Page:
Here's a short follow-up on my recent post "Don't listen too much on users - observe them instead". The presentation "Is qualitative research holding us back?" by Jason Oke that is available on slideshare.net pretty much supports the point I was trying to make. Here are a couple of quotes used in the presentation that pretty much frames what the presentation and my previous post is about:
“The consumer does not behave as they say, they do not say what they think and they do not think what they feel” - David Ogilvy"Too much analysis can confuse people about how they really feel. there are severe limits to what we can discover through self-reﬂection.” - Timothy Wilson, university of virginia in New York Times, dec 29 2005
So, when studying and trying to understand human behavior, it is usually a better strategy to observe people (in their natural environments) than to interview them.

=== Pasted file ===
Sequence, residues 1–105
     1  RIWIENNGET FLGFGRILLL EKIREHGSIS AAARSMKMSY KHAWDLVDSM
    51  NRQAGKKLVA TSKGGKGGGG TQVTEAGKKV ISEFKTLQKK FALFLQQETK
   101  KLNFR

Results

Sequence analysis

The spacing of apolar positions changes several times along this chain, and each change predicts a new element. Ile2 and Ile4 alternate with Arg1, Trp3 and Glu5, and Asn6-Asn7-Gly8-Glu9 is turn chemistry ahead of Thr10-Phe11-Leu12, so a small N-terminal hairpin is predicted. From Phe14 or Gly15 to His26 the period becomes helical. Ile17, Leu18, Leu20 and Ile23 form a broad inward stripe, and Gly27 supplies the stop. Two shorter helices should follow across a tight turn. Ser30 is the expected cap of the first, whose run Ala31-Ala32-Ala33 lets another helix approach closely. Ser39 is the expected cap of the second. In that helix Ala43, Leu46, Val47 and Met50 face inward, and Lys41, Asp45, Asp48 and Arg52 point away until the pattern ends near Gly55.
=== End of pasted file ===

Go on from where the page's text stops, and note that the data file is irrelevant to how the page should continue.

Most users that visit a web site or use an application act on instinct and choose the option that seems to be the most intuitive one of the ones presented to them. If they fail to achieve their goals with that option, they try something else. If no option or path of options on the site allows them to achieve their goals, they leave the site. What is important is that each of these choices are made within a fraction of a second. Most users do not stop for several seconds to analyze the site or their own behavior. That only happens when they are tested and asked to tell someone what they are doing. Or something is fundamentally wrong with the site or app.
So when you want to do quick usability tests, such as showing some people two design alternatives to get their reactions on them, your primary aim should be to observe the users and draw conclusions from their spontaneous reactions. If they say something spontaneously within a second or two, note it down. But once they think too long before they react or they start asking you questions, the test is over.